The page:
Selena Gomez as Breakout Artist?  Kristen Stewart – Favorite Movie Actress?  Really?

No disrespect to these two young women but… come on!   I guess the people have chosen.

At these type of awards, you know who is going to win when you see only winner in the audience and not the other nominees. 

Because if the others showed up and didn’t win, it would be an embarrassment.  

There’s my rant about the People’s Choice Awards.

The highlight of the night was watching how annoyingly awkward Kristen Stewart was, while her co-stars Taylor Lautner and Robert Pattinson shined.

And when Queen Latifah joked with them about the werewolf eating the vampire, wouldn’t the vampire eat the werewolf from the inside. That was funny.

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People s Choice Awards Winners

Another night of glitz and glam on the “red carpet” which was actually sapphire. There were plenty of gorgeous gals to gawk at and there were tons of handsome fellas. Everyone wanted to see what everyone else was wearing. What people really want to know about are the people s choice award winners.

The people s choice awards winners were a long list. There was everything from favorite movie to favorite viral video star. There were a lot of well known names and a few newcomers to the winners list. The people s choice awards winners were a sight to see.

Taylor Swift accepted her award from Elton John as she looked like a star struck young girl. Just to top the night off Johnny Depp had to say hi from his daughter to Taylor Swift as he got his award. This was surely Taylor’s night to shine. These are just a couple of the People s choice awards winners.

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Mick Karn, Bassist in the Group Japan, Dies at 52

LONDON (AP) — Mick Karn, an influential rock bassist best known for his work in the group Japan, died on Tuesday at his home here. He was 52.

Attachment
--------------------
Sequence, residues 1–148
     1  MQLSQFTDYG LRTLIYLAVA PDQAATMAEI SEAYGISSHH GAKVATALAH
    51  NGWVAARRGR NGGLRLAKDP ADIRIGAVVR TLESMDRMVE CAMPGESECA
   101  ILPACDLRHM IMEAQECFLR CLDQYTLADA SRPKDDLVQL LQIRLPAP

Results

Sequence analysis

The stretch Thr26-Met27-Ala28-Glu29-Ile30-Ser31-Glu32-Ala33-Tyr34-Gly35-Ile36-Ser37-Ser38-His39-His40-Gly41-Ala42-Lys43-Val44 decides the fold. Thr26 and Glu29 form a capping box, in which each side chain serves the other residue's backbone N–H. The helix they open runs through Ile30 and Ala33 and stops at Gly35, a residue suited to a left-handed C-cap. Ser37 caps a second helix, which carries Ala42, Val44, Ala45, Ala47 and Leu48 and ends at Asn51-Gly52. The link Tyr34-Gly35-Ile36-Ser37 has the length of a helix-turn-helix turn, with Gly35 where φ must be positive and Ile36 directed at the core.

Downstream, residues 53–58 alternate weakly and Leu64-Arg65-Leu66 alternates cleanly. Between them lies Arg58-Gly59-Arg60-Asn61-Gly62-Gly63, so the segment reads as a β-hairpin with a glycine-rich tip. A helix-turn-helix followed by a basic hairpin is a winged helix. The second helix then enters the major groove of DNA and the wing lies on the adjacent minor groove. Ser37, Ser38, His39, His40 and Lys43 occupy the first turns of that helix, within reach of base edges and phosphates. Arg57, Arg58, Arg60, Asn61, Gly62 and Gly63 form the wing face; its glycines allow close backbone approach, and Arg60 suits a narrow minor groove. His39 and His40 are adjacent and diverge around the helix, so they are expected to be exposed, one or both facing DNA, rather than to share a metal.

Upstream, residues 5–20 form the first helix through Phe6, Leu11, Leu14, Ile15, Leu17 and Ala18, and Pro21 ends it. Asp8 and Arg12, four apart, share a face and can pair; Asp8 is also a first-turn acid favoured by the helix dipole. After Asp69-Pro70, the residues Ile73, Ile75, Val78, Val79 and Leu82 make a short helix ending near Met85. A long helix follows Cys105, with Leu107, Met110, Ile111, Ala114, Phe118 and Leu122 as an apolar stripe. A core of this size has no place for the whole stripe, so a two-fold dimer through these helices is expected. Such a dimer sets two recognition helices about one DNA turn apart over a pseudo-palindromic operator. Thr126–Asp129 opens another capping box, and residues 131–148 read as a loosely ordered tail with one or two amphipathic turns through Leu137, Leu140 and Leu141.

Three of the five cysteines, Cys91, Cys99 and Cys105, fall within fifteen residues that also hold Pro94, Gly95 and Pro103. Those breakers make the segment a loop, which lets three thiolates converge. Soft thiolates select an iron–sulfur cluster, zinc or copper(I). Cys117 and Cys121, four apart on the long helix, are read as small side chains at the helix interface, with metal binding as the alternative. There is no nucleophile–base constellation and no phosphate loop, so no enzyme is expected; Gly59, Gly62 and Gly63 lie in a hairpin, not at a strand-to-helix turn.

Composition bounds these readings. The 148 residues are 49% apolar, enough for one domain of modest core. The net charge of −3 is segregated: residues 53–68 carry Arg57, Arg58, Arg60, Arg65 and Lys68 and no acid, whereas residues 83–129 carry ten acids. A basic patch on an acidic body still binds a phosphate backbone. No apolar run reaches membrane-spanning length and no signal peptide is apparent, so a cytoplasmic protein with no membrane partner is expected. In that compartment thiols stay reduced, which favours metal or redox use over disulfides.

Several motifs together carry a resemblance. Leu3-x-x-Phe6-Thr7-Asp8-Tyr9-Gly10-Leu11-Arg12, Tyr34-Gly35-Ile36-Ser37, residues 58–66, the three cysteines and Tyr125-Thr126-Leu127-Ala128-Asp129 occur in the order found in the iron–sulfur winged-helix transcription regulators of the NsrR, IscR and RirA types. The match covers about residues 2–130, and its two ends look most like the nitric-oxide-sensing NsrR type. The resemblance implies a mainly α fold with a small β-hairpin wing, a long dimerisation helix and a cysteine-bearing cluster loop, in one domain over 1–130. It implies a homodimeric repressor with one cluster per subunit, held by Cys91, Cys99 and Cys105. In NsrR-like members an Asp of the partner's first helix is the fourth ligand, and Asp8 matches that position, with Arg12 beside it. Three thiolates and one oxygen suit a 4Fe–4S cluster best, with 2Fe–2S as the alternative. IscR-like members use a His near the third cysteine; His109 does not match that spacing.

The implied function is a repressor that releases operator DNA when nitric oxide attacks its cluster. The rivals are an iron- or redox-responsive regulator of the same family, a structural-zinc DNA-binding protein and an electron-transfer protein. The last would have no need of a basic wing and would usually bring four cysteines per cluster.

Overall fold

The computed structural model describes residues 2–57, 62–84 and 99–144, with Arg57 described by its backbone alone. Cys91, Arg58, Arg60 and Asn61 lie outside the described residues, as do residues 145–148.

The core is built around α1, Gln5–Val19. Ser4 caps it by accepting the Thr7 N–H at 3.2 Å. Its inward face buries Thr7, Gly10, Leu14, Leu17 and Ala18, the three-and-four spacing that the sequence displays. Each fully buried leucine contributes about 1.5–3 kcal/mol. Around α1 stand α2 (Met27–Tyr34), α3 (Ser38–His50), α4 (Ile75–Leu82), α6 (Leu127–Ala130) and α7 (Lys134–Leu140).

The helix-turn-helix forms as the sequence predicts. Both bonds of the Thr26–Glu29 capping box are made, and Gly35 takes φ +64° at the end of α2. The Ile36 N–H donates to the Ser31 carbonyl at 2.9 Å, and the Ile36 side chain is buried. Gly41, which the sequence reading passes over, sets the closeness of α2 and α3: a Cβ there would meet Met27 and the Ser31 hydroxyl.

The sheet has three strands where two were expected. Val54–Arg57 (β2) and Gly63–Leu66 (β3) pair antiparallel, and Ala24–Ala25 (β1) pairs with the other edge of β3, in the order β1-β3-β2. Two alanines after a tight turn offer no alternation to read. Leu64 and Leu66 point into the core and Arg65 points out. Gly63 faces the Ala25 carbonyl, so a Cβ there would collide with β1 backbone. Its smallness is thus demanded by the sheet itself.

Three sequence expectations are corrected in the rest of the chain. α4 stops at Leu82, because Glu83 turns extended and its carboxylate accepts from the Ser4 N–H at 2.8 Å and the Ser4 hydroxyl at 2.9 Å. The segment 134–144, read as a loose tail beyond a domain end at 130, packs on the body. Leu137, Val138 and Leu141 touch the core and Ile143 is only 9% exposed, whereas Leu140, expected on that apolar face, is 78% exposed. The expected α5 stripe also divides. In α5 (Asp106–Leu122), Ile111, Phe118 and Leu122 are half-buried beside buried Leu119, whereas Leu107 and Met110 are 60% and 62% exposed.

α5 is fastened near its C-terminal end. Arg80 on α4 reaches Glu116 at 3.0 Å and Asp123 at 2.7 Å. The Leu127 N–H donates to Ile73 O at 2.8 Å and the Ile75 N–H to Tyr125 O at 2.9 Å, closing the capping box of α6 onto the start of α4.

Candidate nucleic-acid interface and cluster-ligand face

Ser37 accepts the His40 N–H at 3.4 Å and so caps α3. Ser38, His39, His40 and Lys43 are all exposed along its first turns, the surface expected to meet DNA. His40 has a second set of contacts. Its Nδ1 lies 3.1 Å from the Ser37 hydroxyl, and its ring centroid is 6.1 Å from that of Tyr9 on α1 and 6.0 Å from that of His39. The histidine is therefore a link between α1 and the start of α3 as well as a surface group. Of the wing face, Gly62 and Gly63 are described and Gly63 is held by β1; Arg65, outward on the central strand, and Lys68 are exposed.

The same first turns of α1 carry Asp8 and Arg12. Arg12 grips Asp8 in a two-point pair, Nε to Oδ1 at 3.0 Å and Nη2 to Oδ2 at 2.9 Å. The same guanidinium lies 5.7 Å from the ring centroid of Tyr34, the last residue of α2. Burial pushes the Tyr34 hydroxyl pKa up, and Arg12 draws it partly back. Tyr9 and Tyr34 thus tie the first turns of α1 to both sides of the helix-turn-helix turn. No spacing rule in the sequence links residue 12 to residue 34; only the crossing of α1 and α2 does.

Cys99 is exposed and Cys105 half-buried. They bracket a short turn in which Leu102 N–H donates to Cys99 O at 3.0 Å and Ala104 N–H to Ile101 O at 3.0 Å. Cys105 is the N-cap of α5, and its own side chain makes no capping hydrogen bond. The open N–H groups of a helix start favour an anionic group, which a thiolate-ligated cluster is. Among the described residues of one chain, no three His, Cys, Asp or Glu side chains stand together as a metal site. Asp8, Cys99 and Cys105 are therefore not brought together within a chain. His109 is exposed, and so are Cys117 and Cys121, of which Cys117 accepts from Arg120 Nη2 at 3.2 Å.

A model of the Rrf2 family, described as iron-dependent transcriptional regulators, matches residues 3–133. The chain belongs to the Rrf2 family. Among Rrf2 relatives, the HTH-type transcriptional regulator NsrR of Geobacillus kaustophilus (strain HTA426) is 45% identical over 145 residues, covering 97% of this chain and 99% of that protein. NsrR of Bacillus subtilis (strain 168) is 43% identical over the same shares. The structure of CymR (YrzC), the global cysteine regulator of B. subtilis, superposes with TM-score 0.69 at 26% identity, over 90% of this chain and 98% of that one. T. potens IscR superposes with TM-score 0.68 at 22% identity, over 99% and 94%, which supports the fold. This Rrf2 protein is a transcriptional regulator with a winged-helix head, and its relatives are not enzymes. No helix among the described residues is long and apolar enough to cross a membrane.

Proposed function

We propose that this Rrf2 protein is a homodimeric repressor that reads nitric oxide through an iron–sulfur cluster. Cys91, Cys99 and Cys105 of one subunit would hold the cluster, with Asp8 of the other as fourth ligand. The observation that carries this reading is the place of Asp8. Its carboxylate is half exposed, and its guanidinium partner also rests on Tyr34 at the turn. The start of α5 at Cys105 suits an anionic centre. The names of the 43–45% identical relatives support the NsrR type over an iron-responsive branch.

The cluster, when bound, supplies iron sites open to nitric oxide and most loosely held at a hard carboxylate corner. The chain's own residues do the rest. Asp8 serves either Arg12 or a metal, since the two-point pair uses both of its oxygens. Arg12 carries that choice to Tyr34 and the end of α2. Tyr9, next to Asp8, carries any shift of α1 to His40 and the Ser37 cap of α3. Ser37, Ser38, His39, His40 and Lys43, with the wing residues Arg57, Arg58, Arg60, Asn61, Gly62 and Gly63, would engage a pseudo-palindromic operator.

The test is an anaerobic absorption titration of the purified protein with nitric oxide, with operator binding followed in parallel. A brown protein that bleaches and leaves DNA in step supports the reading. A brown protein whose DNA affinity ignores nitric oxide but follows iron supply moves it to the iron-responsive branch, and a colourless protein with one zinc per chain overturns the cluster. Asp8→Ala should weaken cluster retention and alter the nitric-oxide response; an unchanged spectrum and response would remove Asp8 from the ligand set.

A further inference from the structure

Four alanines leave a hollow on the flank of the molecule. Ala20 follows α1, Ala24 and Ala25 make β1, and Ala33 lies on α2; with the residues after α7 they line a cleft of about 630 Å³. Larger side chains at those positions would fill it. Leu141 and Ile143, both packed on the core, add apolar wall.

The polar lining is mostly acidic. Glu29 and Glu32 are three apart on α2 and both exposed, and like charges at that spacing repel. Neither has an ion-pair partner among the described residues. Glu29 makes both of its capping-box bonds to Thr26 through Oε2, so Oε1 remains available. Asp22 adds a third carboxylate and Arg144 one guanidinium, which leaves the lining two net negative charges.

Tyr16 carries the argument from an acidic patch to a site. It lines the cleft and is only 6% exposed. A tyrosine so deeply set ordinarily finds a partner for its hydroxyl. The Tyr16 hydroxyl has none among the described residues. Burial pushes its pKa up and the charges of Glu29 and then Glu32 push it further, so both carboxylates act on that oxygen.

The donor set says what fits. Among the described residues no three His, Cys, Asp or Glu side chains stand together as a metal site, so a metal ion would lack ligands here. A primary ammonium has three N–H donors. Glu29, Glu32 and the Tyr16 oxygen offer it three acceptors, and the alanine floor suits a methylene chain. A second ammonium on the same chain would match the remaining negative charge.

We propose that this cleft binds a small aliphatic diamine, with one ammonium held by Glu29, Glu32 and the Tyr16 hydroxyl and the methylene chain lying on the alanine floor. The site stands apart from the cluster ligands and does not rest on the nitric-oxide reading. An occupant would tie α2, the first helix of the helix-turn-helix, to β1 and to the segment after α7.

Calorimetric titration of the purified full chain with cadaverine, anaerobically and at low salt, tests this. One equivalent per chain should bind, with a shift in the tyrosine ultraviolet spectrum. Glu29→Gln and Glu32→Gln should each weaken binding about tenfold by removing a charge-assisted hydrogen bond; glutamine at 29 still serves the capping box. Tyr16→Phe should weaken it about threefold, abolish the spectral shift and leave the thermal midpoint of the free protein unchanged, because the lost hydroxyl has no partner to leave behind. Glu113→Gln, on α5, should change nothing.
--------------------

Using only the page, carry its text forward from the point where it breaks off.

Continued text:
The cause was cancer, a statement on his Web site said. Mr. Karn announced last year that he had advanced-stage cancer.

Mr. Karn and two friends, David Sylvian and Steve Jansen, formed Japan in 1974. Mr. Karn, who played violin and bassoon at the time, taught himself to play bass and quickly developed an unusual sound and style.

“I wanted to be able to slide and bend notes as I’d learnt to do with the violin, and so decided to take all the frets off the bass guitar,” he explained. “I couldn’t help but feel that bass players were always hidden somewhere in the background, whereas I was determined to be heard.”

Japan disbanded shortly after releasing the hit single “Ghosts” in 1982. Mr. Karn went on to work with the vocalist Peter Murphy, the guitarist David Torn and others. Mick Karn was born Andonis Michaelides in Cyprus and came to Britain with his family when he was 3. He is survived by his wife, Kyoko, and his son, Metis.

BYU students develop innovative prosthetic hand for a young mom

Brushing your teeth, typing an email, turning pages in a book, flipping pancakes. Jeane Taylor, a mother of two busy boys, struggles to do these everyday tasks without fingers.